It’s hard when you want to change your habits, your lifestyle, and your personality. A perfect example of my failure to instigate change is when I installed the smartphone application, TimeTune, worried that because I was not managing my time effectively enough, I would wake up one morning at the age of 50-something and realize that I wasted my life. I therefore used TimeTune as a tool for “living in the moment,” minute by minute and hour by hour, hoping that rigidly sticking to a preplanned schedule every day would slow time down.
One week later, I succumbed to laziness and stopped using the app. My resolution to put my time to better use quickly became a dissolution.
Change sounds good in theory, but in practice it almost always falls flat. This is likely due in part to the rapid diffusion of motivation interchangeable with feelings of disillusionment, lethargy, and apathy. I can’t begin to express to you the number of times I convinced myself that I’d be a better, happier, and more wholesome human being without alcohol, only to binge-drink Fireball just two short days later. Or the number of times I promised to study harder and write more, only to spend five hours browsing Reddit or watching YouTube videos. Simply put, change for the sake of changing is doomed to fail because, unless the stakes in the game are high and the will to change is uncompromising, we lack the accountability necessary for making meaningful progress.
Just think of the middle-aged, morbidly obese man who’s been informed by his doctor that he needs to start eating healthier if he wants to live to see his daughter grow up. This man, upon realizing that the time he could spend with his daughter is more valuable than the self-destructive lifestyle he’s been practicing for so long, starts eating well and making regular visits to the local gym. On the other hand, if the man’s radical lifestyle change had been influenced by the start of a new year, and not by his doctor’s judgment, then he would’ve cancelled his gym membership after a few days and went back to eating fast food. Only when the man perceived that his morbid obesity was a genuine threat to his existence, and a possible obstruction to spending time with his daughter, did he finally decide to put in the work and make the change that he needed to.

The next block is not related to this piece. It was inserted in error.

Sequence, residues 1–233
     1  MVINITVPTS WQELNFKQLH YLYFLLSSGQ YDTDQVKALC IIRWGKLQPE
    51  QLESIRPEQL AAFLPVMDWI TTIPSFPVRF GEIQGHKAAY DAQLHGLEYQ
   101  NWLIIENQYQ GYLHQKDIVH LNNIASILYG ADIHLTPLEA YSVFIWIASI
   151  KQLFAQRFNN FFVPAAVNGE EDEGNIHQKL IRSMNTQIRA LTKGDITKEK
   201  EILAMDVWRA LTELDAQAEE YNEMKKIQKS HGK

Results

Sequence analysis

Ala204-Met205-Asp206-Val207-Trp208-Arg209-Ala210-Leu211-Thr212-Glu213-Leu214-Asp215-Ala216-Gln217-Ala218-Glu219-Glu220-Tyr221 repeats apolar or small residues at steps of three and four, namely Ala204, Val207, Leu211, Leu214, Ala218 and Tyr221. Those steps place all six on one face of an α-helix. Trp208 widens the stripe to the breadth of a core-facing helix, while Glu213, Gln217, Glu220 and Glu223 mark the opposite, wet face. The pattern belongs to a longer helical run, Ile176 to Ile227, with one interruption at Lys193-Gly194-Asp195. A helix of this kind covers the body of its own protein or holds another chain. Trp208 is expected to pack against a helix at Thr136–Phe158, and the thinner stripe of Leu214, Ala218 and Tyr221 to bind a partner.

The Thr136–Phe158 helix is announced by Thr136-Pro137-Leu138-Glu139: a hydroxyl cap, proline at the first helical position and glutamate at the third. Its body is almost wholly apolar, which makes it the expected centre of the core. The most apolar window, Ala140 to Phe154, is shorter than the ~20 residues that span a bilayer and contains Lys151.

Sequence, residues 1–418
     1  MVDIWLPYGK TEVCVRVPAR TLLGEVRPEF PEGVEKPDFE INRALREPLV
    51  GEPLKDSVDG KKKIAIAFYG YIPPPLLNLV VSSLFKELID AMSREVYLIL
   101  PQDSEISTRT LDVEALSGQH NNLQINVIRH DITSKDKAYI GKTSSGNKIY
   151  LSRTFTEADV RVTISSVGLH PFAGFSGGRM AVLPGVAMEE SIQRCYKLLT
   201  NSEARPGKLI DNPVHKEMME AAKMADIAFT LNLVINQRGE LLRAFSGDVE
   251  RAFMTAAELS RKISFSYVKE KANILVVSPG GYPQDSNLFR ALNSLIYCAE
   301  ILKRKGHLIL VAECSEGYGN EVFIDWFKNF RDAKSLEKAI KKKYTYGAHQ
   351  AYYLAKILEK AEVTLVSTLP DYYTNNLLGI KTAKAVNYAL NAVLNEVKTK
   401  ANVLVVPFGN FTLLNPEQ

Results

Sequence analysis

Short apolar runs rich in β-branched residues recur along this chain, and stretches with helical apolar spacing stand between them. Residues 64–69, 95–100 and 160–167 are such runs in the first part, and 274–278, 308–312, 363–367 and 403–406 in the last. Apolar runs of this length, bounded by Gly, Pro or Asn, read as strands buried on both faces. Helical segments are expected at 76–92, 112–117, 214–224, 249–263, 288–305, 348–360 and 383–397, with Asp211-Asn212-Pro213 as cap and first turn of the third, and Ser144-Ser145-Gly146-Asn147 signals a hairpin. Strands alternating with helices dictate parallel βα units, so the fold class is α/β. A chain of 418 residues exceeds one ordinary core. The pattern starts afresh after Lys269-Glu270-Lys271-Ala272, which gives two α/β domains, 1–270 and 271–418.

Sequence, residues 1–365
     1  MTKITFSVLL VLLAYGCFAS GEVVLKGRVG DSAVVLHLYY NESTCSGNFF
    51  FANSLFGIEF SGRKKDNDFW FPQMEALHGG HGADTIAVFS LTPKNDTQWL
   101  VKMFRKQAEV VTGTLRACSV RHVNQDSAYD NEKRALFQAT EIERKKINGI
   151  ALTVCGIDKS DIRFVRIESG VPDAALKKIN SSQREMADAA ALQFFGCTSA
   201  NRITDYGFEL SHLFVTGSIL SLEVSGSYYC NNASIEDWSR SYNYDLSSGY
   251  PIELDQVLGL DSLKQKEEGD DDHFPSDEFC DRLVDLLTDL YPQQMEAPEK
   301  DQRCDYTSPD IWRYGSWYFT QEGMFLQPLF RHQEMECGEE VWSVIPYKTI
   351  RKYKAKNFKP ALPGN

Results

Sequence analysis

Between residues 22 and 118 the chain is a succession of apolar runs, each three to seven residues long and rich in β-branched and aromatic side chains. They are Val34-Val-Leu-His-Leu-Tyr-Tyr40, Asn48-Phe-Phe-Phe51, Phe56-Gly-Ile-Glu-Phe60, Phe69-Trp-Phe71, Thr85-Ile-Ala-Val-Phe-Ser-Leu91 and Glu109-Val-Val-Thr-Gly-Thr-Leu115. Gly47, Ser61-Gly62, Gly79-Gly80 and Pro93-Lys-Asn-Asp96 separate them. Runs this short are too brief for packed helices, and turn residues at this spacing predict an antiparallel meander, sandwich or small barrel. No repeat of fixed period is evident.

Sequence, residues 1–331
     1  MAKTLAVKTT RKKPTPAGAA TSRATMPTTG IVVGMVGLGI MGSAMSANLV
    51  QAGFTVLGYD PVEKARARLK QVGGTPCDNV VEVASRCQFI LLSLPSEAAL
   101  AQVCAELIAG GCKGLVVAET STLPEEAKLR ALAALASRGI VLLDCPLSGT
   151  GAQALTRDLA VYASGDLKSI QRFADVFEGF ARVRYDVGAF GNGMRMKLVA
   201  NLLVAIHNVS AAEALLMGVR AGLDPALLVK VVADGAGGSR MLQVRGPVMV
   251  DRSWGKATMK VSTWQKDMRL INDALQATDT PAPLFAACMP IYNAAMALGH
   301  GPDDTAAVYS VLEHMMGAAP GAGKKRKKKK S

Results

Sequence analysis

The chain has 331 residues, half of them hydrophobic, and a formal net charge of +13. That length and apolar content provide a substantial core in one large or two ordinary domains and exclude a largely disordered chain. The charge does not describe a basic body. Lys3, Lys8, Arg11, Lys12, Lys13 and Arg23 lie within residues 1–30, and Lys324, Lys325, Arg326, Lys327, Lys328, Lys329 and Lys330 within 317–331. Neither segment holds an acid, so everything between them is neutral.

Not surprisingly, New Year’s resolutions are successful barely 8 percent of the time, with a whopping 48 percent of people claiming to have “infrequent success” (“New Years Resolution Statistics,” 2017). Nonetheless, I think there is a certain solace to be found in New Year’s resolutions, as they manufacture the illusion that change is quick and immediate when in actuality, it is a long and vigorous journey marked by acute failures, disappointments, and setbacks. But if you really want to quit smoking, eat healthier, or exercise more frequently, then it wouldn’t matter when you backslid once or twice because this change—whatever it is—is still important to you, and you’ll work tirelessly to achieve the desired results.
Change not because it’s a new year or because “everyone else is doing it,” but because you see the benefit in it for yourself.
New Years Resolution Statistics. (2017, January 1). Retrieved January 2, 2018, from https://www.statisticbrain.com/new-years-resolution-statistics/